The implant warranty program can be very successful. However we need to consider the three viewpoints of the three different people involved.
- You may desire to give reassurance to the patient that the implant decision is the correct one and are willing to share the risk in such a decision. There are lots of reasons for that, and they are not all salesmanship. There are enough implant failures out there where the patient paid for the implant and when it failed in a relatively short period of time, nothing was done to help the patient with the replacement implant. So you want to differentiate yourself by giving some assurance that you are willing to go the extra mile to help the patient.
- You are providing a “closing statement” to encourage the patient have the area treated and are willing to share the risk with the patient.
- You are providing the referring dentist with the same assurance.
You however need to place enough safeguards in place to reduce the need to exercise the warranty.
Here are some safeguards.
- Medical History The medical history needs to include such risk factors as smoking and diabetes. On the medical history are the following:
- Do you smoke? If so, what and how much?
- Do you have diabetes? What was your last A1C?
There are other health factors of course are involved but these are the major ones. But really when we are doing bone grafting, particularly anterior bone grafting, smokers are not a good risk it all. Better to extract the tooth, do a socket fill, and close it up and let it heal before doing the implant.
With regard to diabetes, I’ve been caught a few times with undiagnosed diabetes. However, It’s rather simple to do hemoglobin A1c. It costs less than $25 or chances are if we go through the primary care provider it will cost is 0.
- Consultation with the patient. The consultation needs to be detailed enough for the patient understands his/her risks as well as rewards. So do you. You have to decide whether the patient qualifies for the warranty. There are some that don’t, but you’re willing to do the implant anyway as long as the patient is willing to take all of the risk. I use this sparingly.
- Assurance of a serviceable restoration. There’s a further responsibility that you have and that is to make sure that the restoration comes out as well as it possibly can. We are relying upon different skill levels of dentists restoring our cases. I know that you can’t control everything. But, for the patients who have a rather poor dentist, we can provide more control. Let me tell you how. For that dentist, we agree that we do the final abutment and the final temporary. I know that a screw-retained final restoration is the restoration of choice. But I also know that some don’t know how to do it, don’t have a torque wrench, don’t know how to use a torque wrench, don’t choose to do it, you know the rest. But we can make a custom abutment they will have correct margination and minimize the chance of subgingival cement. We use a laboratory the does scanning and computerized milling of the abutments. This provides some great opportunities. The custom abutment and temporary are placed in our office so we can control it. With computerized milling, the dentist receives a set of working articulated models including a die model of the abutment. The dentist can send it to his or her favorite lab or order the crown from the lab that made the abutment. No impression is necessary. Literally all the dentist has to do is to cement in the crown.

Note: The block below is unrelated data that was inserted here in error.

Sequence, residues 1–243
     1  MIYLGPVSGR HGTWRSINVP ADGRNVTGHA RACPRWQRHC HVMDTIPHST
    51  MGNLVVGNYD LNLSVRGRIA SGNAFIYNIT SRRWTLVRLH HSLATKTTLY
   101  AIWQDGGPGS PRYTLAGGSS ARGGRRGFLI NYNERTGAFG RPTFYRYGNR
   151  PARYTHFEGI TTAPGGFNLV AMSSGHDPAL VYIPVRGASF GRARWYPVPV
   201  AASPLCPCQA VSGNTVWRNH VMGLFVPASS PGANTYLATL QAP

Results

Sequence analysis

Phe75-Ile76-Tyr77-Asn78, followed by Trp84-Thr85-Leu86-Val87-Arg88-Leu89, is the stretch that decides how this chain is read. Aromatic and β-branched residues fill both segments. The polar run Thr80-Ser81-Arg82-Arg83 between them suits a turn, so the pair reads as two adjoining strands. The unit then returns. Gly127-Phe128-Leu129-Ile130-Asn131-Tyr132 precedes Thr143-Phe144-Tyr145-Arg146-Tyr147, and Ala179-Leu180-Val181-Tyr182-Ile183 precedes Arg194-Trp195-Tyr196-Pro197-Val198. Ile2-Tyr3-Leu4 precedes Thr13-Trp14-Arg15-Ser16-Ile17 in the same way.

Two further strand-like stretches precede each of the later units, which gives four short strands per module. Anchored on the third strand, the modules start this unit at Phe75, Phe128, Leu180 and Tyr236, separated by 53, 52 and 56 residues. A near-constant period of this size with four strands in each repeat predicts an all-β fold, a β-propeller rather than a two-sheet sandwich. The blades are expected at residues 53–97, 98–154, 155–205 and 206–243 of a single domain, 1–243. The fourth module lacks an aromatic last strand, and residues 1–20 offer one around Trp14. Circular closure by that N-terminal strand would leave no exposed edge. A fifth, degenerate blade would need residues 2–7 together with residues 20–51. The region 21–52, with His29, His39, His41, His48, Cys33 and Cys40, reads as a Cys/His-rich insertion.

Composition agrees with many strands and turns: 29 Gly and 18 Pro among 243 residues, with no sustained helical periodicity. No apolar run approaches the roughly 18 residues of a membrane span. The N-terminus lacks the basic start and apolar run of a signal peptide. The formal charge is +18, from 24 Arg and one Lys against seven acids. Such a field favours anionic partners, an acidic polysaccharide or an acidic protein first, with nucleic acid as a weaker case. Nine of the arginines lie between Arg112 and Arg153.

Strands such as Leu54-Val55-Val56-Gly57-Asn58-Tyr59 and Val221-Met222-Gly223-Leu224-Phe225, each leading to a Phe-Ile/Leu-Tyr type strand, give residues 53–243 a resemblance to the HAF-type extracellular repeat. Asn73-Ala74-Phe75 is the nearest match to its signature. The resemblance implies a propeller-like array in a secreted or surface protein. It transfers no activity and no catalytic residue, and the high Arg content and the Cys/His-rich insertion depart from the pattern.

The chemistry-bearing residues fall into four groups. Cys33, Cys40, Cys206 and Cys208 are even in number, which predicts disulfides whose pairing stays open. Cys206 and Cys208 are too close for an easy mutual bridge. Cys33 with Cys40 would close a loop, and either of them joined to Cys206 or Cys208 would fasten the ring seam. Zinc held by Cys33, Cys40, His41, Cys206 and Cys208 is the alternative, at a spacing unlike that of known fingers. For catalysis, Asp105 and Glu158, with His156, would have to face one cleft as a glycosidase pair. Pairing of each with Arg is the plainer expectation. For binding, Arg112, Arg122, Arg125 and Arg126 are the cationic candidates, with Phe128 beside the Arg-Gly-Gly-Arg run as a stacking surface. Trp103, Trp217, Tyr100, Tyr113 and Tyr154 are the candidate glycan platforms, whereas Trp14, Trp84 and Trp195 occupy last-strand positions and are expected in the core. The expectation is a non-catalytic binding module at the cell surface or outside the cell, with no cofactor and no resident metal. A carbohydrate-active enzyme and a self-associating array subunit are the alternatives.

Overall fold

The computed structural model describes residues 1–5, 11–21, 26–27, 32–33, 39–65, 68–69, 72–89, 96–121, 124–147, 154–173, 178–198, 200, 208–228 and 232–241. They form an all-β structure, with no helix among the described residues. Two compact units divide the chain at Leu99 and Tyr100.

Of course this will work for single crowns. If we’re talking about larger cases, then more sophisticated methods of articulation may be necessary, and you’ll have to decide on the risk factors involved, particularly regarding the warranty.
The patient’s viewpoint is very simple. He or she wants to pay for the implant only one time. There is an expectation that if the implant fails early, and he or she is not warned about the fact, the implant would be guaranteed for a certain period of time. The warranty is the patient’s assurance of what you would do in the event of failure anyway.
You can place certain caveats as part of the warranty. We require the patient to come in for an immediate post cementation check. At the time of the post cementation check, we will take an x-ray, probe, check occlusion and contacts and check for subgingival cement. Checking for subgingival cement is not foolproof however as many cements are not radio opaque. However, if we see a mucositis that wasn’t present at the time of uncovering or abutment placement, we can assume that there is subgingival cement and take immediate action. We use the Perioscope in such a situation. Other safeguards, such as putting a couple of sponges over the screw head and leaving the chimney way open will allow a place for cement to flow a reduce the amount that comes out at the margins.
Another requirement of the warranty is that the patient see us at the interval that we prescribe for prophy and/or examination. If they don’t come at that interval, then the warranty is void. If I feel that patients are at lower risk, then we can still share prophies with the other office, or just see the patient for a yearly exam after the first year, which is more intensive regarding frequency of visits to our office.
I do not guarantee restorations. I only guarantee implants, but then again it is the implant that is more likely to have a tendency to fail. If revisions are necessary, that is also not part of the warranty, but if something does go wrong, particularly when I should have noticed it in advance such as a lack of keratinized tissue, I will do the revision at no charge.
The implant warranty is a business tool. It can be good business if you set it up for success.